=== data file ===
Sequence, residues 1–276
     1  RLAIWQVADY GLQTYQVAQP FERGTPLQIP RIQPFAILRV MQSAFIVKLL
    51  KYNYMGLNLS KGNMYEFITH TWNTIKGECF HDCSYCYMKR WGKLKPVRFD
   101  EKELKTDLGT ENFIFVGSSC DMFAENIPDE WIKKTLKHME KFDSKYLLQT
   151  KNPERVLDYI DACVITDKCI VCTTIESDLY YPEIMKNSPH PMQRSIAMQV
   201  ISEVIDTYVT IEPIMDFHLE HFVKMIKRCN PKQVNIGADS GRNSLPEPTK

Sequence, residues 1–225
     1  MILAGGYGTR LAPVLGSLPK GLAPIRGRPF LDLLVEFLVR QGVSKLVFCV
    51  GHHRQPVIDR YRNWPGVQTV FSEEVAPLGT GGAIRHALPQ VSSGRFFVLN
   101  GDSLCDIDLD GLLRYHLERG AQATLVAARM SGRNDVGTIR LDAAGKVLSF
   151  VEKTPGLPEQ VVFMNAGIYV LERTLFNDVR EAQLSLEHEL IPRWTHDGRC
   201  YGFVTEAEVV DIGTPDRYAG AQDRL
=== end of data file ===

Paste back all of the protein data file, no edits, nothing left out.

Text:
Sequence, residues 1–276
     1  RLAIWQVADY GLQTYQVAQP FERGTPLQIP RIQPFAILRV MQSAFIVKLL
    51  KYNYMGLNLS KGNMYEFITH TWNTIKGECF HDCSYCYMKR WGKLKPVRFD
   101  EKELKTDLGT ENFIFVGSSC DMFAENIPDE WIKKTLKHME KFDSKYLLQT
   151  KNPERVLDYI DACVITDKCI VCTTIESDLY YPEIMKNSPH PMQRSIAMQV
   201  ISEVIDTYVT IEPIMDFHLE HFVKMIKRCN PKQVNIGADS GRNSLPEPTK

Sequence, residues 1–225
     1  MILAGGYGTR LAPVLGSLPK GLAPIRGRPF LDLLVEFLVR QGVSKLVFCV
    51  GHHRQPVIDR YRNWPGVQTV FSEEVAPLGT GGAIRHALPQ VSSGRFFVLN
   101  GDSLCDIDLD GLLRYHLERG AQATLVAARM SGRNDVGTIR LDAAGKVLSF
   151  VEKTPGLPEQ VVFMNAGIYV LERTLFNDVR EAQLSLEHEL IPRWTHDGRC
   201  YGFVTEAEVV DIGTPDRYAG AQDRL